Together, the two did a bit of everything, though sometimes things didn’t go as planned. John still remembers one of those times: getting hopelessly lost while driving Scholars home after classes in a school van that they’d rented. Thankfully, Morenike Adams Shelton ’91, “Nike” to her classmates, took charge and guided him through what seemed like 20 turns, navigating from one student’s home to the next with an uncanny, GPS-like sense of the city’s streets.

He’ll never forget that inaugural class of “bright, engaging, enthusiastic” Scholars who with their families took a leap of faith and signed on.

He also vividly remembers when he and Mike first saw the Scholars’ test scores, and “the results were off the charts.” Admission officers began telling them how amazing the students were. “We knew that already,” he says.

“The rest is history,” he adds with a laugh.

Inaugural Class of Scholars with Co-Founders


Creating something is just the start. Sustaining a vision over time takes building a team that will continually infuse it with “new waves of energy,” John reflects.

“You need to believe it can always be better,” he contends, adding that “the leadership team is infinitely better today.” From the staff to the Board, everything keeps getting more and more diverse and “stronger and stronger and stronger.”

In his mind, being results-oriented has also been a key to success. “We have a heart and a soul, but we also look at all kinds of data,” he notes. Measuring performance has gone hand in hand with “thinking we can continually improve.”

Steppingstone has also inspired John to grow and do more. As much as it has transformed others’ lives, being part of it has transformed him, fueling a “call” to find new ways to make a difference.

Along with his groundbreaking work in the investment world, he’s gone on to co-found the Greenlight Fund. The nonprofit has had an impact on nine, soon to be 12, cities across the nation by bringing one desperately needed solution for an unmet need impacting lower income children and families and life outcomes to each of its cities every year, year after year. More than a dozen additional cities have sought to be considered in the future. This process is similar to, and deeply informed by, the one Mike and John followed in bringing Steppingstone to Boston.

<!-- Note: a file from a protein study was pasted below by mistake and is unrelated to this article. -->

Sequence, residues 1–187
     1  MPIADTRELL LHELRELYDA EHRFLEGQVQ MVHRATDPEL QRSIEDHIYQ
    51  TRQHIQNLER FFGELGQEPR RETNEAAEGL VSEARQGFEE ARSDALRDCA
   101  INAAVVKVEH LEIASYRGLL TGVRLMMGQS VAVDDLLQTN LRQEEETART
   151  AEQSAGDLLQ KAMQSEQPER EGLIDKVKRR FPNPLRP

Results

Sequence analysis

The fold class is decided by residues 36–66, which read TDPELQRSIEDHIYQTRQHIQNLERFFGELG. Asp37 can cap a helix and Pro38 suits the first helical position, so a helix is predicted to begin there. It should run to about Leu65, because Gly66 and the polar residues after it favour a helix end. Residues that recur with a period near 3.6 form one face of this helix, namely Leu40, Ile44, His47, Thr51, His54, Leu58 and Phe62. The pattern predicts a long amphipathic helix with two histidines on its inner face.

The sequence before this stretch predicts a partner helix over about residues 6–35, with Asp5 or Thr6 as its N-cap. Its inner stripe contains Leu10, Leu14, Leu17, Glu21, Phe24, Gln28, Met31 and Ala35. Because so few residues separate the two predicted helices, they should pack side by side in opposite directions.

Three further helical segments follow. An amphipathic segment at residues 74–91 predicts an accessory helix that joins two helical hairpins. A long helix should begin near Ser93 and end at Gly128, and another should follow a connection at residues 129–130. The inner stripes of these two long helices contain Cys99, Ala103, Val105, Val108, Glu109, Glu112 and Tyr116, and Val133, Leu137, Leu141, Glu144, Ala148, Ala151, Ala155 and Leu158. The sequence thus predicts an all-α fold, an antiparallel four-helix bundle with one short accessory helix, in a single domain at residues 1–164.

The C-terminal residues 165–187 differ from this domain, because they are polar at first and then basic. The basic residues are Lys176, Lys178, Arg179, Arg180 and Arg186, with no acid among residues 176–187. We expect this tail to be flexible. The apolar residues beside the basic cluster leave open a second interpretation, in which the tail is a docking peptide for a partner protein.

To him, “Greenlight is one little ripple effect from Steppingstone,” he says. “There are thousands of ripples from Steppingstone in the world, many of which we may not even see.”


In celebrating Steppingstone’s 30th anniversary, “it’s a time to look back and be thankful, and to look forward and think about the next 30.” He still sees it as “a family,” and he’s stayed engaged on the Board of Directors and as all-around champion. In the years ahead, part of what excites him is the potential for Alumni to become dramatically more involved as they get older and more established in their lives and careers.

At the start of any venture, “you have a certain horizon, and it gets pushed out farther and farther,” he reflects. Over time, “Steppingstone has never been content with the status quo,” he adds. “The horizon isn’t fixed.”

When John thinks about its future, “what excites me most is the piece of the horizon that I can’t quite see—yet!”